The storylines here are more like post-coital moments – slow, languid.
The storylines here are more like post-coital moments – slow, languid, with not much sense of urgency after the storm had broken, which I suppose is an ironic sentiment to have, considering the talk near the end of the novel about a storm that was coming. There’s barely any resolutions to speak of, outside of Rand and the Forsaken Sammael (I will not eat it with a fox or in a box, Sam-I-Am!). The Bowl of the Winds subplot is left unresolved, as it still hasn’t been used at the novel’s end and the weather is still screwy there. Egwene is still fighting for control of the rebel forces and the march continues. A cliffhanger or two is interspersed as well.
Oh, I’m certain that fans of the series will argue that there are some key developments. To a small extent, they would be correct. More prophecies are uttered, the Hero moves toward becoming like the Arthurian Fisher King, and chaos is being reaped. If anything, the baddies’ real dastardly plan is revealed here, as the remaining Forsaken, power-hungry and thus blinded by their greed and ambition, are just fronts for a nasty shell game, where the objective is really to unravel reality and to spread chaos throughout the land in order to smooth the road for the Dark One to burst forth. That is actually an interesting twist to the series so far and I would applaud it, if only Jordan could have created a more plausible rationale in the earlier novels. Here, it just feels a bit stuck on.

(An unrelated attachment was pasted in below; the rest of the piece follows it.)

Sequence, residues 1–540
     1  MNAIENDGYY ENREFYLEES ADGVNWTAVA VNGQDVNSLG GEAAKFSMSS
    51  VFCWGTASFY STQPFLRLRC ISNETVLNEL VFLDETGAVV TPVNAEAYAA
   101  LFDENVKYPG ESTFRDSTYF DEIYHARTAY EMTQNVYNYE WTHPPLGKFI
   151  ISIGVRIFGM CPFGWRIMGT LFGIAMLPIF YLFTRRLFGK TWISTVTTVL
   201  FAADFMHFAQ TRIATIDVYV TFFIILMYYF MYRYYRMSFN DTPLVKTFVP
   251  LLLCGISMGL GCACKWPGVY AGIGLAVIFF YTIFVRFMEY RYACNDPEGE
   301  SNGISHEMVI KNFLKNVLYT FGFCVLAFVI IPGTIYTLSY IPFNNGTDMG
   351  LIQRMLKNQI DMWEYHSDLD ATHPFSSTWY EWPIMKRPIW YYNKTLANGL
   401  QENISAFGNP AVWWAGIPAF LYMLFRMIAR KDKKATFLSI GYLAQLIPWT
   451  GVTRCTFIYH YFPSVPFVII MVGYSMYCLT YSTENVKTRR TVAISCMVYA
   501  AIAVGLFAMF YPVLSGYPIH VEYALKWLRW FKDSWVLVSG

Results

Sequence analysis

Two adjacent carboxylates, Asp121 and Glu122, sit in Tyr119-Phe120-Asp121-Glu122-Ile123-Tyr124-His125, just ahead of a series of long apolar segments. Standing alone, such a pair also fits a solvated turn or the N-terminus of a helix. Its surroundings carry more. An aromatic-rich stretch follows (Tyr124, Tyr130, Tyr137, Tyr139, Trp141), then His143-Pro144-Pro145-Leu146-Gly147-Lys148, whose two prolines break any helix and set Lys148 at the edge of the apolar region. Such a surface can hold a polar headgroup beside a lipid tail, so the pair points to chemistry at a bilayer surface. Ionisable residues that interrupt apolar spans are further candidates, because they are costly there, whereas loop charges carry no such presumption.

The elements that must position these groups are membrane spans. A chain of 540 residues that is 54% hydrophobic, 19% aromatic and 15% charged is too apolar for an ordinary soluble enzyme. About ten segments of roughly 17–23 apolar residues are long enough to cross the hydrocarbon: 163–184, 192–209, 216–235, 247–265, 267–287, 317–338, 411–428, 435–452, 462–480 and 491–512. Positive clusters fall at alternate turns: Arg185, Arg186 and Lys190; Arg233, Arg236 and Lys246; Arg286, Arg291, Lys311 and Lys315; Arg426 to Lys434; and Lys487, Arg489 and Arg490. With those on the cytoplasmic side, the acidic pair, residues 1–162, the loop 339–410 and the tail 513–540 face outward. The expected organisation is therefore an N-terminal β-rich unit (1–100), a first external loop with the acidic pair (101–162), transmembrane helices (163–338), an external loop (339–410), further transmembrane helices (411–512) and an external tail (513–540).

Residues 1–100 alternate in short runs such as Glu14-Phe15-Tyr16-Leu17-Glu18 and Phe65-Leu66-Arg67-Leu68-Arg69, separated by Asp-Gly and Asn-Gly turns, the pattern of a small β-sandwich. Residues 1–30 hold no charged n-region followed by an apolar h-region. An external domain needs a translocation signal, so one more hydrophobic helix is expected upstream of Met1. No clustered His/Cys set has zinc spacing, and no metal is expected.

The usual complaints about the writing and the prose are again raised upon this latest re-read. I’ve already mentioned before how grating I find continual repetition and when it is coupled with a limited range of adjectives for character actions, this becomes magnified. Jordan never really was a good sentence crafter, but here it felt as though he were using sentences of character and clothing description to cover up perceived deficiencies in the dialogues. It is sad that a running joke about this series is that of women sniffing while smoothing their blue slashed with cream skirts. Strip away the extraneous description and very little happens within the character exchanges outside of the above-mentioned monotonous comedy of manners.
Too many dull and redundant moments for me to be enthused about reading it.
But yet there was a greater sense of focus here. The Rand and Ebou Dar chapters get a lot of play and while the Ebou Dar one overplayed its comedic elements, any enjoyment I derived from the book came from reading the Rand chapters. Perhaps it is because I am aware of how this plays out in the following five volumes, but I did find Rand’s progression into a hardened, ruthless character to be fairly well-done. Sure, there were times that he moaned too much in the internal monologues (which still continue to plague me whenever I read this series), but on the whole, the character actually had some believable development done over the course of this novel.
So while it wasn’t as disjointed in feel as was Lord of Chaos, A Crown of Swords contained too many dull and redundant moments for me to be enthused about reading it. Onwards and upwards. After all, on the heights The Path of Daggers awaits.